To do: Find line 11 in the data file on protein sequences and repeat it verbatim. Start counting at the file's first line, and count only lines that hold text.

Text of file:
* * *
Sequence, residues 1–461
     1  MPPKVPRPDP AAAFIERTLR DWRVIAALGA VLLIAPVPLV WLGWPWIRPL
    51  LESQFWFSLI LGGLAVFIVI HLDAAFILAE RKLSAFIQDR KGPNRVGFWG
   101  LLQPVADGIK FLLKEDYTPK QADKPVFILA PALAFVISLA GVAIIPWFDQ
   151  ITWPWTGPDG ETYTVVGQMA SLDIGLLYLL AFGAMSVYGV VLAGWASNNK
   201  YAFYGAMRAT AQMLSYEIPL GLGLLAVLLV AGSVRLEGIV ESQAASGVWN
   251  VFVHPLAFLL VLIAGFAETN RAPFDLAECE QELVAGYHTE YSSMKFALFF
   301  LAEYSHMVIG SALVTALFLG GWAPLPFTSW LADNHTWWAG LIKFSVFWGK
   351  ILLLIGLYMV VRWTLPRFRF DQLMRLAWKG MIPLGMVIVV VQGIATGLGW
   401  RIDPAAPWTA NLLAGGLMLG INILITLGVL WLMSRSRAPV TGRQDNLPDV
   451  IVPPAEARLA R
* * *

   451  IVPPAEARLA R